Rome in November?


There is no doubt that Rome is a fascinating city and one that is always a pleasure to visit. But, most travels guides recommend travel in the spring or early autumn, when it is dry and pleasantly warm. November and December, being the wettest months, are not generally recommended for tourism or leisure travel.

Which is one reason that I was surprised to hear rumors that Bishop Piche and Bishop Cozzens were in Rome last week. It would make sense for Bishop Cozzens to have gone to Rome earlier in the fall for the seminar for new bishops, but for both bishops to have gone to Rome, in November, and without their Archbishop, seems odd to me.

I don't want to raise expectations that the situation in Saint Paul and Minneapolis is finally getting attention from the Holy See, nor do I think we can safely conclude that the investigation into Archbishop Nienstedt's conduct has been completed and some sort of resolution is imminent. After all, perhaps the rumors are false. Perhaps the only 'City of Seven Hills'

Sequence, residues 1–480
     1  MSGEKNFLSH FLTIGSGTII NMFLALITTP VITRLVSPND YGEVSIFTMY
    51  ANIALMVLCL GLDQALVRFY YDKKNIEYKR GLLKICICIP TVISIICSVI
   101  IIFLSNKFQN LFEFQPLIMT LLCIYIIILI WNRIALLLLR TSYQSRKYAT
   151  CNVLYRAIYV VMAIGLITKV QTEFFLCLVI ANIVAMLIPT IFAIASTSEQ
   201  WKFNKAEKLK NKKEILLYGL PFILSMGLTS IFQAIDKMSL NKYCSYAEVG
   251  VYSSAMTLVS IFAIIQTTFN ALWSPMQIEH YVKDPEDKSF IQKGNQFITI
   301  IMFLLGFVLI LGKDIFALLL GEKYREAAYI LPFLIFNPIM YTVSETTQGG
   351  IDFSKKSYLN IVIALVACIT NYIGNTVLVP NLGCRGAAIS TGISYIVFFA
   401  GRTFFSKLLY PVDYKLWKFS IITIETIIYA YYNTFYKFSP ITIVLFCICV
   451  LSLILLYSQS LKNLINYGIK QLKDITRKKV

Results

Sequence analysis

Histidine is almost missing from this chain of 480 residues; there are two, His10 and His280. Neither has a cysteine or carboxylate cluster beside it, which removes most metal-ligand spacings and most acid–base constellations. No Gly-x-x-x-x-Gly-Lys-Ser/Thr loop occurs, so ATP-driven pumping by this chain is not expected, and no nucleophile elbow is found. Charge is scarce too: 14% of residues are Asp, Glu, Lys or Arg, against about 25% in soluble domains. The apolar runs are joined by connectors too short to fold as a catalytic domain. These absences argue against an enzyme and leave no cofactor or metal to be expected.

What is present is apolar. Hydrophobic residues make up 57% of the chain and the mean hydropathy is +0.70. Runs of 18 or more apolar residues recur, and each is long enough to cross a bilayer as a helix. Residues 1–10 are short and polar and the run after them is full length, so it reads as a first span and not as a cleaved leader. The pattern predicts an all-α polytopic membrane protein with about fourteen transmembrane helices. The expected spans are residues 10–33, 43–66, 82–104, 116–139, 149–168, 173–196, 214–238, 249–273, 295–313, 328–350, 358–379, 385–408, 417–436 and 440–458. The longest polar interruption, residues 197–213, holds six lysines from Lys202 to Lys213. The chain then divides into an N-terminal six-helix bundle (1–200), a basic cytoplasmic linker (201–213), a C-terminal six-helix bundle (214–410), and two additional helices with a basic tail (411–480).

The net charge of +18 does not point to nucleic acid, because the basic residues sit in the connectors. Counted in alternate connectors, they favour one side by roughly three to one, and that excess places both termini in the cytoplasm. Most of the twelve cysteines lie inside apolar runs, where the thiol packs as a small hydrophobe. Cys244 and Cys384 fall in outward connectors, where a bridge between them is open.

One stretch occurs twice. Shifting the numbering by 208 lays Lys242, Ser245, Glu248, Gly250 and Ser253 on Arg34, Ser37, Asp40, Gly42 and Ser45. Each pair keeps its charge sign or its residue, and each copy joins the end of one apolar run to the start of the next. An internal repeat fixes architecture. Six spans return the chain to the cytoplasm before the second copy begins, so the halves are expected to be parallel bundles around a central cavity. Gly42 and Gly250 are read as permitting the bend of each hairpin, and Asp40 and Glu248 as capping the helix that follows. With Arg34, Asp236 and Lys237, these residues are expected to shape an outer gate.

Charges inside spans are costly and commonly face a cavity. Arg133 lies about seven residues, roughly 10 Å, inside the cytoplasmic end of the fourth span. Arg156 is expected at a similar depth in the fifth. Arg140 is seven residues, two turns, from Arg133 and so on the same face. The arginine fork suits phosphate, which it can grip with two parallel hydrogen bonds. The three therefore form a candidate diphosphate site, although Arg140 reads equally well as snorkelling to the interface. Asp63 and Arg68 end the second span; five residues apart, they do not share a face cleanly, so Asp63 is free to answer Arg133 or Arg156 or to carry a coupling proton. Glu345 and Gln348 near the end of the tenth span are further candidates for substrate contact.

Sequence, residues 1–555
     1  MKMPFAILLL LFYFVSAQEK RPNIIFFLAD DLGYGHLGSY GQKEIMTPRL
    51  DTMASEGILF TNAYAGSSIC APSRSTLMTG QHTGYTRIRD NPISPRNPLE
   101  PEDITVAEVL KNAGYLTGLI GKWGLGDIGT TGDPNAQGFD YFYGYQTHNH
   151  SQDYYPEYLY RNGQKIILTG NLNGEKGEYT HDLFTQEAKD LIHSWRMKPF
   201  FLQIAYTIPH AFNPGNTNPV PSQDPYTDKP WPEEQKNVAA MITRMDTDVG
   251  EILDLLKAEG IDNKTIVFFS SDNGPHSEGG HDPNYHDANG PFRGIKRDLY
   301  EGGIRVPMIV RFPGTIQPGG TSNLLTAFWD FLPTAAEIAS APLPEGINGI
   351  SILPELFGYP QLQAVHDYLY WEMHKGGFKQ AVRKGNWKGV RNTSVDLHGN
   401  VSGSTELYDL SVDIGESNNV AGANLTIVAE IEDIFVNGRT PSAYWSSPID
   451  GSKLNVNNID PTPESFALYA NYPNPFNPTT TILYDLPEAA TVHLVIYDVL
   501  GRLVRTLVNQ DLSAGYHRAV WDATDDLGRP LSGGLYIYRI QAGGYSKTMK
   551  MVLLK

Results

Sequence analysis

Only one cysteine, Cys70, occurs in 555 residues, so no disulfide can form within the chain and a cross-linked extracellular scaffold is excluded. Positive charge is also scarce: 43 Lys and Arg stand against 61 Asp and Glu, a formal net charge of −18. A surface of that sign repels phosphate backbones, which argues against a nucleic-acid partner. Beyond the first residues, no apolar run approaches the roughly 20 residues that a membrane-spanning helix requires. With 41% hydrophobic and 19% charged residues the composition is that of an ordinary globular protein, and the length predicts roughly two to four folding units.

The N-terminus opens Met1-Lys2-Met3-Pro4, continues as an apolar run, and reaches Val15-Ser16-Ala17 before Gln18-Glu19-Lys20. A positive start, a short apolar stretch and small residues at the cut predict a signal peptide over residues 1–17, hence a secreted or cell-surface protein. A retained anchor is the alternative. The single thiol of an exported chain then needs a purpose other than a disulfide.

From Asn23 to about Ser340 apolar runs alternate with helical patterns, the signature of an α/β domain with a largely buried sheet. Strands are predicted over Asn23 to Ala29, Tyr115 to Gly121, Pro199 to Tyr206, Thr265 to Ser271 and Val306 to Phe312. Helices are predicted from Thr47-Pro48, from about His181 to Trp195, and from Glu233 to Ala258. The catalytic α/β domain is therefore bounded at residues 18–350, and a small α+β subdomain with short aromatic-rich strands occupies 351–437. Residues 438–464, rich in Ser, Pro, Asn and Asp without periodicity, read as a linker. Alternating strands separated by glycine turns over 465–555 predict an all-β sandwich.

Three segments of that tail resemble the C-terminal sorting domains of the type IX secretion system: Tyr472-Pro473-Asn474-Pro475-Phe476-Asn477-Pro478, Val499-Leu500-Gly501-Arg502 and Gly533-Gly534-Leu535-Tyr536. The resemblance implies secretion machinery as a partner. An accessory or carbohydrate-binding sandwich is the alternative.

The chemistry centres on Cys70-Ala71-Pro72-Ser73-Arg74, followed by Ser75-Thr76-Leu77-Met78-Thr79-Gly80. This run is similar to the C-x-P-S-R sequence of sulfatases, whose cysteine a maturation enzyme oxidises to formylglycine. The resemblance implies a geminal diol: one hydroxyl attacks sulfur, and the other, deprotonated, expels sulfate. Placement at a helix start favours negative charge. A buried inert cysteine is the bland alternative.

the bishops visited last week was Saint Paul. Or, perhaps they were in Rome, but were called there because the Holy See, like many of the rest of us, has questions regarding the landmark settlement announced last month. And, perhaps Archbishop Nienstedt was there with them, as he claims to have been when the two auxiliaries met with the Nuncio earlier this year.

It used to be that the calendars of the bishops were published in the archdiocesan newspaper, The Catholic Spirit, so that the faithful were aware of their ministrations on our behalf. That practice was halted during the campaign for the marriage amendment (out of fears that the Archbishop would be targeted for 'glitter bombing'), but after the campaign's defeat, the calendars were published again, at least for a time. I just checked the most recent online edition of the paper, but didn't find any of the bishops' schedules.

If it does turn out that the bishops were in Rome, the Archdiocese's silence on that fact will be yet another source of disappointment for me. Surely given the recent announcement of significant cuts to the Archdiocesan budget and staff, the faithful have a right to know
if its bishops are traveling abroad, and for what cause?



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    Jennifer Haselberger is a canon lawyer who served as the Chancellor for Canonical Affairs in the Archdiocese of Saint Paul and Minneapolis until April of 2013, when she resigned in protest of the Archdiocese's handling of sexual misconduct by clergy.

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